The Building Safety Act 2022 is the Government’s response to the tragic Grenfell fire, and the first parts of the Act came into force on 28 June 2022.

While the focus has been on safety in residential units, developers and landlords of mixed-use properties will also need to comply with the new rules or they may need advice on historic developments since 1992.

The long-term impact of the Building Safety Act 2022 will be to overhaul the approach to fire risk in residential blocks, introducing tighter regulation in design, planning and construction, as well as ongoing responsibility for building owners.  It also makes immediate changes to deal with the issue of who pays to replace defective cladding.  Much of the Act is focused on what are referred to as ‘higher risk’ residential buildings but there will also be broad changes to the fire safety regime for many other buildings.

‘Building safety must be the highest priority for anyone developing, converting or investing in residential property,’ according to Kimat Singh, head of the Commercial.  As well as creating stringent standards for the future, the Building Safety Act looks back to work done since 1992, so anyone who has been active in this market over the last 30 years will need legal advice to get up to speed.

The aims of the Act
It will eventually affect three broad areas: design and construction of new builds and residential conversions; management of safety in residential blocks once occupied; and remedying historic defects which could make residential buildings unsafe.

Design and construction
The essential parts of the new building safety regime are in place, but the details will be worked out in consultation and brought into force over the next 18 months or so.  The new rules will apply to what the Act defines as ‘higher risk buildings’, which are buildings that:

  • are either 18 metres high or have at least 7 storeys; and
  • contain at least two residential units.

This will bring mixed-use developments into the new regime, as well as purely residential blocks, as long as they meet the height criteria.  It is worth noting that purpose-built student accommodation blocks of the specified height will also be included.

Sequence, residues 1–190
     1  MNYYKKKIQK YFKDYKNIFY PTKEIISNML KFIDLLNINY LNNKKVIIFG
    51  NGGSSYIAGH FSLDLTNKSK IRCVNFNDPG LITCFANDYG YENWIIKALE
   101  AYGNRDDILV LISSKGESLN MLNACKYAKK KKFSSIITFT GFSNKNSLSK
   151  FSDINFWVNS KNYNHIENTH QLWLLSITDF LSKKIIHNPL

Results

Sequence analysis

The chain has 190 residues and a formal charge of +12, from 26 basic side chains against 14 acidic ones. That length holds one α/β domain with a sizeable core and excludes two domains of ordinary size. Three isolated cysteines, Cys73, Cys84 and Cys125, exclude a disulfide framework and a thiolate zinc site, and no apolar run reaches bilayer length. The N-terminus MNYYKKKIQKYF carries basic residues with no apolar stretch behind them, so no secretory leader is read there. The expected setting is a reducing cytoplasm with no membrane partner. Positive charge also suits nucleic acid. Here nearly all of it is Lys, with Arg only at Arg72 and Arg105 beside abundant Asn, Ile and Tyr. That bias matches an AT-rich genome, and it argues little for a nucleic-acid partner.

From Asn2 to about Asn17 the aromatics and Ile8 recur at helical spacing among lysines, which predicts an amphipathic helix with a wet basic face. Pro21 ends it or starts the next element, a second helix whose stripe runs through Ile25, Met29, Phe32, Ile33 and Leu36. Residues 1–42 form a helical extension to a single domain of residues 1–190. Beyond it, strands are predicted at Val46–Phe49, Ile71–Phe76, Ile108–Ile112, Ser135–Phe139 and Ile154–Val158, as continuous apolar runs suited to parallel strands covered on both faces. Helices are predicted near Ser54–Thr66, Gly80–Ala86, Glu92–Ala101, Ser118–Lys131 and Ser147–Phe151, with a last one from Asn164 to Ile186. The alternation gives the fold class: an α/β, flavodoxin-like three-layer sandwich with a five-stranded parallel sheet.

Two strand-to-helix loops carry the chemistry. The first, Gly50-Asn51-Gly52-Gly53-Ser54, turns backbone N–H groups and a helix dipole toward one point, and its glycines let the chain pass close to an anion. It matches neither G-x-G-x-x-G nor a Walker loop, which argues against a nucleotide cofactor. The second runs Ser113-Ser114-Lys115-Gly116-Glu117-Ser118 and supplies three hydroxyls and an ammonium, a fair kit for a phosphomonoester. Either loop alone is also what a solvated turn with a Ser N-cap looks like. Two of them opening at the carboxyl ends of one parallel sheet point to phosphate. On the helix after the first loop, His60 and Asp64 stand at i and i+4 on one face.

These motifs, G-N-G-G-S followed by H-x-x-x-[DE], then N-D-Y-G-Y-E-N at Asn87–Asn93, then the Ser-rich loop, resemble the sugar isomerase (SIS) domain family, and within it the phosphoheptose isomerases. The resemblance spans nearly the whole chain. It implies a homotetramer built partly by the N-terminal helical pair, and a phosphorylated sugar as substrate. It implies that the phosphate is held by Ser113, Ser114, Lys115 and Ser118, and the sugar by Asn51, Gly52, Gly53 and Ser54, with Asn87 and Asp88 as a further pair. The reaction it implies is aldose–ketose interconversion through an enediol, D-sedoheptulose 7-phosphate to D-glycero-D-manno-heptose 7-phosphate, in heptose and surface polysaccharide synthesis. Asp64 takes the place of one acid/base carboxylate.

When the detail has been worked out and brought into force, developers will have to satisfy the new Building Safety Regulator at three ‘gateway’ stages in a building or conversion project: planning; pre-construction; and pre-completion.  At the planning stage, the developer will be required to submit a fire statement with the planning application.  Before construction starts, the regulator will require full design details, with details on how the building will comply with the relevant regulations once it has been completed.  Once the building work is complete, the regulator will want to see that a range of required safety information has been compiled and will be passed to the building owner.  This is being referred to as the ‘golden thread’ of building information and will play a key role in making sure that each owner has the information they need to manage safety properly.  It should also ensure that those responsible for design and construction can be identified and remain accountable throughout the life of the building.

Safety in occupied buildings
Once a higher risk building has been completed and is occupied, the focus of the new building safety regime shifts to monitoring and managing risks from the spread of fire or structural failure (which could lead a building to collapse).  Responsibility will lie with the Accountable Person (or persons, because there could be more than one depending on how the building has been subdivided).  This will broadly be whoever controls or is obliged to repair the common parts, structure or exterior, so is likely to be the long-term building owner.  The Accountable Person can be an individual, a partnership or a company.  Where there is more than one Accountable Person, they will have a duty to cooperate with each other.  The duties of an Accountable Person will include assessing and managing building safety risks, compiling and maintaining the golden thread information and producing a residents’ engagement strategy.  If an Accountable Person is in breach of these obligations, they may be prosecuted.